Byrd on Teaching Celia, A Slave in an Age of #BlackLivesMatter

Brandon Byrd writes:

“This semester was no different. Using the primary sources found on Linder’s excellent website, our class broke into groups and dissected the background of the case, the trial, and its aftermath. After putting all of the pieces together, each group tried to identify the significance of the case. They more than succeeded. After the spokespeople for the various groups suggested that the case demonstrated the unique challenges faced and considerable resistance offered by enslaved women, one student, looking downward, murmured four simple words: “black lives didn’t matter.”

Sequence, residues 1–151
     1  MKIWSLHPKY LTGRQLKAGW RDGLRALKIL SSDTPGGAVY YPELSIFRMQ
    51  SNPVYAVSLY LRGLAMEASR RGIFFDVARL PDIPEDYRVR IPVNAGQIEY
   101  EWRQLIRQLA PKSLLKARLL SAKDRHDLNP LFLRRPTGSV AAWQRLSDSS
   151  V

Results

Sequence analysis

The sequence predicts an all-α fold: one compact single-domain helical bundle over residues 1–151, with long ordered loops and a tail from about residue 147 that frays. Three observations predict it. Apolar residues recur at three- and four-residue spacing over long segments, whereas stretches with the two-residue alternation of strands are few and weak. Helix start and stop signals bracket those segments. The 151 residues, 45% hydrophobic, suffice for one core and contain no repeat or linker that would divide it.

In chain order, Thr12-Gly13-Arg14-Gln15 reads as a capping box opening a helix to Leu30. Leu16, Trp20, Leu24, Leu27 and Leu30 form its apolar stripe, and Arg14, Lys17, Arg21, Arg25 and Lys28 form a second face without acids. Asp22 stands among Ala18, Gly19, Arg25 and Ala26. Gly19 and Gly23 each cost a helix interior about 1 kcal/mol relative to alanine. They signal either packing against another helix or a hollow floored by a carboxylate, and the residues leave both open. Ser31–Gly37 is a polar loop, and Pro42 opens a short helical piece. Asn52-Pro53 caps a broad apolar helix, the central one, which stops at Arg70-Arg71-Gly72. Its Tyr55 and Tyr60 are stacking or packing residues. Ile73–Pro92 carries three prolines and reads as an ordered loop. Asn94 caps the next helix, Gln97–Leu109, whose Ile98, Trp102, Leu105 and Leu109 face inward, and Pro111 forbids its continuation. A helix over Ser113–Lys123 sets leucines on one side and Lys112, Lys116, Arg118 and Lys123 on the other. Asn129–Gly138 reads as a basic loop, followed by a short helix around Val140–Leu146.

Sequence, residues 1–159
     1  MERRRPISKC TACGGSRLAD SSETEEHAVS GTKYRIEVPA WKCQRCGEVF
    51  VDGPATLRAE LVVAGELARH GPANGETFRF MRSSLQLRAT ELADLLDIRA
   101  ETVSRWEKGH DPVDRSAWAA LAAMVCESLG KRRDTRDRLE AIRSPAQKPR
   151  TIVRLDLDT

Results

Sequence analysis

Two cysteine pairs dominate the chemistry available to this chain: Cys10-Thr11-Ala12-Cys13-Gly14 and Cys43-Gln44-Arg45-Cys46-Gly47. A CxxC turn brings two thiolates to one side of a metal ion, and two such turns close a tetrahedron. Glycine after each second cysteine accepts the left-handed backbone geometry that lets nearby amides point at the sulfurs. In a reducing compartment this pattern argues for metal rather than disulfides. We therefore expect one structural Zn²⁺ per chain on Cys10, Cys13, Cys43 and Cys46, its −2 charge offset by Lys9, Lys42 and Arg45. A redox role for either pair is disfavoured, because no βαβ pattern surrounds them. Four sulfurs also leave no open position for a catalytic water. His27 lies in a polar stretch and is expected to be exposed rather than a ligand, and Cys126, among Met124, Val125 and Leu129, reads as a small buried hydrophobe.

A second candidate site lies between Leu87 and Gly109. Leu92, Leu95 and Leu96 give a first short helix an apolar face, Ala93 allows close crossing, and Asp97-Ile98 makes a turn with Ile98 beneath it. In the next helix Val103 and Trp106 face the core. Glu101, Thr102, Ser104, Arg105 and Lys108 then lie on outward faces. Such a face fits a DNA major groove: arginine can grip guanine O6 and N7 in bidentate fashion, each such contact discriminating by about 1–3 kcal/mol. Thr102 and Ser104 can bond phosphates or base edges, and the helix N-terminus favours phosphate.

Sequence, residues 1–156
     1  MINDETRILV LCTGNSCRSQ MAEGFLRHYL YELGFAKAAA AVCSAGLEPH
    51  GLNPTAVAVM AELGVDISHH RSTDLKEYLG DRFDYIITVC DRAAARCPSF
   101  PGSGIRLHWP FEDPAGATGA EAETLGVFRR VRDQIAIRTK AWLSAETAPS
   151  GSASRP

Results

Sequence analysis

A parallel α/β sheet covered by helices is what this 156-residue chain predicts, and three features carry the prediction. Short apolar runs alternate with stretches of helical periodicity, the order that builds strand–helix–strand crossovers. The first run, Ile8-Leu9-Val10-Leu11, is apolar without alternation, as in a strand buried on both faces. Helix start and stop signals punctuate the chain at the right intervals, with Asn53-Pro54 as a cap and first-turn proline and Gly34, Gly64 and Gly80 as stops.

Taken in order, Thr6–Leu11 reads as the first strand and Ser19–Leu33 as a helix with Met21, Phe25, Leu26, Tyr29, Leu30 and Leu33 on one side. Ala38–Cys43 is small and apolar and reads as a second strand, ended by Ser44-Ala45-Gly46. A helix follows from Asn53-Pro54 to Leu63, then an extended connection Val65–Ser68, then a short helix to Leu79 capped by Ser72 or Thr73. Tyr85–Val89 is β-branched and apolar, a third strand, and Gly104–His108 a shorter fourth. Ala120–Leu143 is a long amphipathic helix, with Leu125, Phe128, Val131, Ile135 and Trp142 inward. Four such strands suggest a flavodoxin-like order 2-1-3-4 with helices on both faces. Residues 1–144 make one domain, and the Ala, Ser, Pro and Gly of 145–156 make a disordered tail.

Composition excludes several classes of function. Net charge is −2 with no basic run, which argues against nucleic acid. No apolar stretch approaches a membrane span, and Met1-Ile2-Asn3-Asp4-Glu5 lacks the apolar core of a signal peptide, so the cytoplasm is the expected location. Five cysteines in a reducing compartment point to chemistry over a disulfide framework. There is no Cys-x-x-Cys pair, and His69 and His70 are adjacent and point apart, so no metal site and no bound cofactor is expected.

Those four words offered by the normally quiet student said it all. The case was about much more than Celia. It was even about much more than an enslaved teenager’s inability to claim the same anti-rape protections afforded to free white women. By linking State of Missouri v. Celia to Black Lives Matter, the student identified the ways in which justice systems beholden to white supremacy have never been and can never be considered just. They were meant to defend the interests—even the depravities—of Newsom; they are supposed to protect Timothy Loehmann, not Tamir Rice.

Read the rest: Byrd – Celia, #BlackLivesMatter, and the Diffusion of Black Thought | AAIHS

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